Three former managing directors of Goldman Sachs Group Inc.’s Japan business plan to start an Asia multi-strategy hedge fund early next year, according to two people with knowledge of the matter.

Koji Gotoda and Takayuki Kasama have incorporated Golvis Investment Pte in Singapore, said the people, who asked not to be identified as the information is private. The fund will invest in all asset classes with an initial focus on Japan, they added.

Japan-focused hedge funds have historically traded stocks, making a company staffed by a large team of former Goldman Sachs employees and capable of investing in multiple asset classes a rarity, one of the people said. The New York-based bank, once Wall Street’s most profitable securities firm, generated about half of its revenue from trading last quarter.

“The pedigree of the principals will guarantee they at least get a good hearing from prospective allocators,” Peter Douglas, principal of Singapore-based GFIA Pte, which advises on hedge-fund investments. “After many years of slow death or exile for the Japanese hedge fund industry, it does feel as if the industry, like the country, could be on the verge of a renaissance.”

Gotoda most recently led Asia convertible bond trading at Goldman Sachs before leaving in July, said the other person. Kasama, a former co-head of Japan credit trading, left the New York-based bank in June. Both were among 272 promoted to managing directors in 2009, according to an internal memo at that time.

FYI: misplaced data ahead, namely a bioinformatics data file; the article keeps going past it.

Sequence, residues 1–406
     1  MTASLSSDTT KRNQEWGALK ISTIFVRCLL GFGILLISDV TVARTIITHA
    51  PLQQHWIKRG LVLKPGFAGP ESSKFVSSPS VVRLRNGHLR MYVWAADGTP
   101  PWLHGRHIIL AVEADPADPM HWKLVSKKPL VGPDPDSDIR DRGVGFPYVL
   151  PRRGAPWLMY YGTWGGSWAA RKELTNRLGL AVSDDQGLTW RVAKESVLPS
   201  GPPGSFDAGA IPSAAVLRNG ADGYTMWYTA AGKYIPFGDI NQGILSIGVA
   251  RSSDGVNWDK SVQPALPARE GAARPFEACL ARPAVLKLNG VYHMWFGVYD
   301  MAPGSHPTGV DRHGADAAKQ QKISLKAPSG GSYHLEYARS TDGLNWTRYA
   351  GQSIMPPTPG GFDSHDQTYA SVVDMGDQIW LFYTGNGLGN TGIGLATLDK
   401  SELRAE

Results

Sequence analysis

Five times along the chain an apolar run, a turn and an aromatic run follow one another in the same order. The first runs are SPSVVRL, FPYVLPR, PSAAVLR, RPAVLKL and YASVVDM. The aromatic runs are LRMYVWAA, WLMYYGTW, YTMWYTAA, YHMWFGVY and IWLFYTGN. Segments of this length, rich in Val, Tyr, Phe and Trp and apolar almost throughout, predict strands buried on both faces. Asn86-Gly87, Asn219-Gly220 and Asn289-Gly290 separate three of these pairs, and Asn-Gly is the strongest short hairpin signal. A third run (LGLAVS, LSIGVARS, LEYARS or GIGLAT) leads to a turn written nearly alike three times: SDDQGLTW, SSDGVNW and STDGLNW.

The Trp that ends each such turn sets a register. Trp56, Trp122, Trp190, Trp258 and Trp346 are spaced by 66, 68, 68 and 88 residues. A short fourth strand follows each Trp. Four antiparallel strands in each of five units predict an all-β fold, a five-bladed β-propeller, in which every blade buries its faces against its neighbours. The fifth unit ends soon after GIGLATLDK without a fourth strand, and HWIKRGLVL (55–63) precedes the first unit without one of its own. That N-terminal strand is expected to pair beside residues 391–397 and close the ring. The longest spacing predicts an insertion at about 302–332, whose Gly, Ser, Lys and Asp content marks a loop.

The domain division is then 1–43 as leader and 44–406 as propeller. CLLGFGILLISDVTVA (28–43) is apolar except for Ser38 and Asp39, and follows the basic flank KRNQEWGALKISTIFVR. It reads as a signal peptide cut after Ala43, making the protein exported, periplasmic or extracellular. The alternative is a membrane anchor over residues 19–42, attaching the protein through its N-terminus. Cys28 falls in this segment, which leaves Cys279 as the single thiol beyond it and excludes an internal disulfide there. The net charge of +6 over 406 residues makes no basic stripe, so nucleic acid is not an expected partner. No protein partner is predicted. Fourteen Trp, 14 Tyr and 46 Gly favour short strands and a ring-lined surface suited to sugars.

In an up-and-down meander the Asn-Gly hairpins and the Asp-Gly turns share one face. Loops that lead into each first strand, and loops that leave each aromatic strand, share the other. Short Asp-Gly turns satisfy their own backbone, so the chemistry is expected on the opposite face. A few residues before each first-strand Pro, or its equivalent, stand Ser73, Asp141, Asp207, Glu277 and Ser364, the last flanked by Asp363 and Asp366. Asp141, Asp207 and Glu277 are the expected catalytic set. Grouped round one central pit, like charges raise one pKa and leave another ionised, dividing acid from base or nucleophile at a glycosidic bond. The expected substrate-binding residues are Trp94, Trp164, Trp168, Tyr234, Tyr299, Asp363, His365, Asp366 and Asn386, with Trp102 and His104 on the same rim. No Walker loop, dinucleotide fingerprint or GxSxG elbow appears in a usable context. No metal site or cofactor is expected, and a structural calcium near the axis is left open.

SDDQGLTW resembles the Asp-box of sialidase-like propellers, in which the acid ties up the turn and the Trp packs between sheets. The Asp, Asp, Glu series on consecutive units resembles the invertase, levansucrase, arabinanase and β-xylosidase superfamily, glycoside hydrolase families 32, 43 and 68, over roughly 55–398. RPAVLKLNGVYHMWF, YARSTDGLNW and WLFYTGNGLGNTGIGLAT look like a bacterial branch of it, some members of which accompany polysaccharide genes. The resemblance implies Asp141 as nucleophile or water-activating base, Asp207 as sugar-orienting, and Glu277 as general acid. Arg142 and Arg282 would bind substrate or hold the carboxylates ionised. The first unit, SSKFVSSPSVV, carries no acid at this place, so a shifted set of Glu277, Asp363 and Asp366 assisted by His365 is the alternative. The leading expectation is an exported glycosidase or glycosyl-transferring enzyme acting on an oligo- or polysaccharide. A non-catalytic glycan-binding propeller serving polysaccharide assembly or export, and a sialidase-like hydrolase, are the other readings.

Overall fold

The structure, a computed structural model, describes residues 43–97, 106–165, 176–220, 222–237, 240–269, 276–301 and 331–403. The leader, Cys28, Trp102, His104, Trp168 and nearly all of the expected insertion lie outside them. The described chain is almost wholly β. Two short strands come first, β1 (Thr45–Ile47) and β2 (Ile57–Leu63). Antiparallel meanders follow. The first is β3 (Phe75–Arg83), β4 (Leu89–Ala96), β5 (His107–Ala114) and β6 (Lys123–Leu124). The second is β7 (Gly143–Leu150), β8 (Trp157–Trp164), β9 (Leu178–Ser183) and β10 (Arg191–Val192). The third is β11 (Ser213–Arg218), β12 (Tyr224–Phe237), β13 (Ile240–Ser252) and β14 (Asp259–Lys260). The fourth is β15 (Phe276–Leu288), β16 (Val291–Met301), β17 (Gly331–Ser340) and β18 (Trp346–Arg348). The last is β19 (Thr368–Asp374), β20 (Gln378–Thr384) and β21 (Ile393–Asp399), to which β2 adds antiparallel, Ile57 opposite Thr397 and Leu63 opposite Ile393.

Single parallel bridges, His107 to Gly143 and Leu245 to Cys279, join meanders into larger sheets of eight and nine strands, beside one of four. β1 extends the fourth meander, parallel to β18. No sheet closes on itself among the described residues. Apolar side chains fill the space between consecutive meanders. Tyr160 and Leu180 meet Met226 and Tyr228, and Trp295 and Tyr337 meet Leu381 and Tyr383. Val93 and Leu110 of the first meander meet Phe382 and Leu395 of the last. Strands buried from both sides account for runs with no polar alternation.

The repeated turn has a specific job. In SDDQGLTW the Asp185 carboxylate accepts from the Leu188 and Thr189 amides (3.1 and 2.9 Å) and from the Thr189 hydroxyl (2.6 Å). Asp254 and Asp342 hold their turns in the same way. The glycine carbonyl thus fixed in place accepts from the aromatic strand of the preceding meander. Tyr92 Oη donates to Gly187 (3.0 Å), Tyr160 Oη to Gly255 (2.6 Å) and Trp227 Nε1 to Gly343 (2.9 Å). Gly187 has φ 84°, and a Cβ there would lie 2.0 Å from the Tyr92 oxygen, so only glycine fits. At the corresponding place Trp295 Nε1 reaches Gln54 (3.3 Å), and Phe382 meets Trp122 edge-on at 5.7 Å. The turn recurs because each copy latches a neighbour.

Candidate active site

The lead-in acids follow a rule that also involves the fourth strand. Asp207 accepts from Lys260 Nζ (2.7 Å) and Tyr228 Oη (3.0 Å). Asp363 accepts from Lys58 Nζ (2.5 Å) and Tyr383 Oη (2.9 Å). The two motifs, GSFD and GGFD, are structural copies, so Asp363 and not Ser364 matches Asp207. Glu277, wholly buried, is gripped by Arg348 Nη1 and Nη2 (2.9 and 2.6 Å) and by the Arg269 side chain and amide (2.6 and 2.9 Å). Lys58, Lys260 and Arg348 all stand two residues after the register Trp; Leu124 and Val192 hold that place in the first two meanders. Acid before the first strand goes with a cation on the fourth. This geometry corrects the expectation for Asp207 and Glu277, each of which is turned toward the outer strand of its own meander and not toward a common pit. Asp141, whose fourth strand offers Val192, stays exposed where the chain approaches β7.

Nine of the about 11 initial Golvis employees will have worked at Goldman Sachs, including a third former managing director, said the people.

Ryan Collins, Golvis’s head of business development, declined to comment on the plans in an e-mail. Goldman Sachs’s Tokyo-based spokeswoman, Hiroko Matsumoto, confirmed that Gotoda and Kasama have left the firm and said she couldn’t make any further comment.

Gotoda will present his plan to potential investors at Goldman Sachs’s annual Asia hedge fund symposium in the city- state in October, according to an invitation seen by Bloomberg.

Stimulus by Prime Minister Shinzo Abe and the Bank of Japan to break two decades of stagnation has weakened the yen by 19 percent in the past year and helped double profit of Nikkei 225 Stock Average companies last quarter by making its exports more competitive abroad.

“For once the government, the bureaucracy, the corporates and the public are all pulling on the proverbial rope in the same direction,” said Stephane Pizzo, managing partner of Singapore-based investment adviser Lotus Peak Capital Pte.